Japan’s Myanmarese Diaspora a Year After the Coup: Ongoing Worries for an Oppressed HomelandPolitics Society World
Helping People Know What’s Really Happening
February 1, 2022, marked a year to the day since the Myanmar Army coup d’état that seized control of the nation from the democratically elected government of Aung San Suu Kyi. On this day more than 200 Myanmarese residents of Japan gathered in front of the Ministry of Foreign Affairs in central Tokyo. After observing a minute of silence in memory of the more than 1,500 of their countrymen who have been killed by the Myanmar Army since the coup, they faced the ministry building and raised their voices:
“Government of Japan, don’t recognize the Myanmar Army junta!”
Alternating between Burmese and Japanese, the demonstrators chanted their appeal time and time again. Holding up photographs of Aung San Suu Kyi, now held under house arrest and suffering from unjust persecution back home, they called on the Japanese government to officially recognize the NUG, the National Unity Government established by the democratic forces driven out by the military regime, as the legitimate government of their country.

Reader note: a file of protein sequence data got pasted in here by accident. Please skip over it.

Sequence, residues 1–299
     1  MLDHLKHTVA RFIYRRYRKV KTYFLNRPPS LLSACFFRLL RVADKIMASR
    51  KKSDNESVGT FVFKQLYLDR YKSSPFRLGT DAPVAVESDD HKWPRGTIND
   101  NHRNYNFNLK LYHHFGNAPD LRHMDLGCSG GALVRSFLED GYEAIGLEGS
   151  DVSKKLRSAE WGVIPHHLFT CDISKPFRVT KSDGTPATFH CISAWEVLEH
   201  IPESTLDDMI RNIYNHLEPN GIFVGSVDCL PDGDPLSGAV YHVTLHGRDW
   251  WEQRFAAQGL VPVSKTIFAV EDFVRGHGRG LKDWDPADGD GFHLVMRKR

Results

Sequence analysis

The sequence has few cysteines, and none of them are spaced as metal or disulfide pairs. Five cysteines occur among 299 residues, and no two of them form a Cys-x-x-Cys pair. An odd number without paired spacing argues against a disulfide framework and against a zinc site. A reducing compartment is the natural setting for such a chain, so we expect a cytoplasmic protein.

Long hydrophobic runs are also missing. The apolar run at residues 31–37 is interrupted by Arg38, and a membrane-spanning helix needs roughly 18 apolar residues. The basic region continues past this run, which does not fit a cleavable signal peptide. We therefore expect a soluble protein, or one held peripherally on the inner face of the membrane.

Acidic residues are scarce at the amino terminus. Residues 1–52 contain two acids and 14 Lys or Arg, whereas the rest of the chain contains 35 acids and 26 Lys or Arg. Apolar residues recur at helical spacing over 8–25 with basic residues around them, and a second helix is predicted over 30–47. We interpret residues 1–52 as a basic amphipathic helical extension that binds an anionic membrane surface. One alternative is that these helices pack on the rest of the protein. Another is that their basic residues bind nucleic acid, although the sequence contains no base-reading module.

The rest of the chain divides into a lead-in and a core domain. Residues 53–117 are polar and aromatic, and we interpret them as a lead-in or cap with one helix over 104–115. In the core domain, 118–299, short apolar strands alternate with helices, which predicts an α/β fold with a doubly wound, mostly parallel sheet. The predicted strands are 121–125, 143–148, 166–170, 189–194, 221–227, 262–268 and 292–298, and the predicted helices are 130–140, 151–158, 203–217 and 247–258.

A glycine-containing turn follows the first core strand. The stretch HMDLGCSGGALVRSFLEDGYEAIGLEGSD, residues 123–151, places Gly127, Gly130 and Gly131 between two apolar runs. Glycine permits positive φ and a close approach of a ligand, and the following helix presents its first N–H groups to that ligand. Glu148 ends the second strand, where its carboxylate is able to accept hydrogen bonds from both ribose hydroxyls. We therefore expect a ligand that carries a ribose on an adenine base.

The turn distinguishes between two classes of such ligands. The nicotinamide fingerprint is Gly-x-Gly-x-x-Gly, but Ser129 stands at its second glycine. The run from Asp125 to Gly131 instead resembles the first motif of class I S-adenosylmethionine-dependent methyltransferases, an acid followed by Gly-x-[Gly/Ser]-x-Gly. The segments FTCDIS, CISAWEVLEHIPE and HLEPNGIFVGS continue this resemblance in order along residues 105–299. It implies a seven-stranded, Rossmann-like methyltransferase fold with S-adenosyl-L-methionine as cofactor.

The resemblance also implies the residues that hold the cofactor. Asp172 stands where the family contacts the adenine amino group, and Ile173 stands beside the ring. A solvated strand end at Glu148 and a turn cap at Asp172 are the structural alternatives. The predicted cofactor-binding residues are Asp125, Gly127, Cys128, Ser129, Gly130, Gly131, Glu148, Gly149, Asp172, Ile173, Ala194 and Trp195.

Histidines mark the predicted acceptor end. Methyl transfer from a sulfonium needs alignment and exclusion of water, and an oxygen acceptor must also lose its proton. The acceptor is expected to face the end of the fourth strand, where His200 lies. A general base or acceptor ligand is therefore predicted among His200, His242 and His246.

“Over this past year so many people have been killed, so many lives destroyed. And yet we must still fight on,” says Han Sein, a member of the “88 generation” of refugees who sought asylum in Japan at the time of the Myanmar Army’s previous repression of their country’s democracy movement in 1988. Today he is best known among the Myanmarese expatriate community in Japan as the coach of the resident Myanmar soccer team MFC Tokyo.
For some 30 years since, Han has watched the transformations in his homeland from afar in Japan. As the democracy movement gained strength in Myanmar, he witnessed the rising number of foreign exchange students and other Myanmarese immigrants to Japan with views akin to his own, although they hailed from younger generations. And then came the coup.